Photo of Eric R. Ebbert, CFP®, MBA, CEO Eric R. Ebbert, CFP®, MBA, CEO Jan 05, 2022

Estate planning involves setting up a plan that makes known how you want your affairs to be handled in the event of your death or if you become permanently incapacitated. It also establishes who will receive your assets, and who will care for your minor children or pets after you are gone. However, there is more to estate planning than simply writing a will and testament. It is not a simple process, and it can sometimes feel overwhelming. This is where professional estate planning services can help.

What estate planning documents do I need to make sure my affairs are in order?

Many estate planning documents will make up the whole of your plan, and each one is important in its own way. Here are six documents that are paramount to getting your affairs in order:

1. Will — This is the most commonly known estate planning document. It expresses your last wishes for the distribution of your property and other assets.

2. Trust — Trusts are established to provide legal protection for your assets, to make sure those assets are distributed according to your wishes. All of your personal property becomes a part of your trust, and the person or party you designate as your trustee will manage your trust after you pass away.

3. Financial power of attorney (POA) — This document details who will be responsible for your finances and property in the event that you are physically unable to manage them yourself. This includes paying your bills and taxes, as well as managing your assets.

4. Medical power of attorney (MPOA) — . An MPOA states what medical actions should be taken, when needed, if you become incapacitated and unable to make your own decisions. It will designate someone you trust to make those decisions for you.

5. Living will — A living will is an estate planning document that is often used alongside an MPOA. This document specifies what your medical preferences would be, in the event that you are unable to make your wishes known. This is often used for end-of-life care, such as life support, or organ donations after your death.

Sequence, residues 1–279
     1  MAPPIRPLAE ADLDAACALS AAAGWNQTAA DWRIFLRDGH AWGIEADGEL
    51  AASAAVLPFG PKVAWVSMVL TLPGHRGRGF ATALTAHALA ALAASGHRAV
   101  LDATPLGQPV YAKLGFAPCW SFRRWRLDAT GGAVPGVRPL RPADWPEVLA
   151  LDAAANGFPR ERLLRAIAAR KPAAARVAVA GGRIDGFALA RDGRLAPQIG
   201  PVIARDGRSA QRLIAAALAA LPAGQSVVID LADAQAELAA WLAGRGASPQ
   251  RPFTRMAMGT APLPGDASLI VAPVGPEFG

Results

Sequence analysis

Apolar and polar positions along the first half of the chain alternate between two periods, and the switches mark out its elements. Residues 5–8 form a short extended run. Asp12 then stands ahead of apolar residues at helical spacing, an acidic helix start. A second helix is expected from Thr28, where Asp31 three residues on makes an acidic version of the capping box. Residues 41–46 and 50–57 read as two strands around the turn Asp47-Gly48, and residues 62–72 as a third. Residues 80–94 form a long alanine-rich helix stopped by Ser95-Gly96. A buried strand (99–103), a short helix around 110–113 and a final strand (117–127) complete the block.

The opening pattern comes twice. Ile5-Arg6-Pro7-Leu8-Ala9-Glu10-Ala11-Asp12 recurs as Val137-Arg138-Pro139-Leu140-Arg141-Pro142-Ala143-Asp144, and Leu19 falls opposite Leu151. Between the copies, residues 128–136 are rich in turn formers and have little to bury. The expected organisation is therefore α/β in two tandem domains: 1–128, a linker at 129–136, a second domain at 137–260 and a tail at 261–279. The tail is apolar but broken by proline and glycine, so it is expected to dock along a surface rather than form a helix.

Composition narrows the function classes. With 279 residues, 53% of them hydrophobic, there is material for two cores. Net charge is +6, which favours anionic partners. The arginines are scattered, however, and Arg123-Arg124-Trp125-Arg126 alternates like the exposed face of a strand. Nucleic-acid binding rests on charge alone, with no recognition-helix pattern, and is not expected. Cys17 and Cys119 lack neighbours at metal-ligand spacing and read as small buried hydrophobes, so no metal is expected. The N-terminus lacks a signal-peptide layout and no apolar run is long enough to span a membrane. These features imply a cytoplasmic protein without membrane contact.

6. Beneficiary designations — On intangible assets such as a 401(k) and insurance accounts, most companies give you the option to name a beneficiary for that account. However, if no one is named, it will be up to a judge to determine where those funds will go. If you have not already named a beneficiary for these assets, it is important to designate someone in writing who will inherit them once you are gone.

This process may seem overwhelming, but it is a necessary one to make sure that your property and other assets are going to be taken care of according to your wishes. Luckily, you can schedule a free consultation with one of ProVise’s many CERTIFIED FINANCIAL PLANNER™ professionals to help you with your estate planning documents.

Talk to a ProVise CFP® professional about your estate planning documents

At ProVise Management Group, our CERTIFIED FINANCIAL PLANNER™ professionals can get to know you and your current financial circumstances, goals, risk tolerance and personal values to help you develop a plan that works for you. We can also create a written plan for you at a fiduciary standard of care. All our written plans come with an unconditional money-back guarantee. If you are unhappy with your written plan, you can return it to us, and we will refund 100% of the fee paid.

Are you ready to talk to a professional about planning for the future? Contact ProVise today to schedule a complimentary consultation.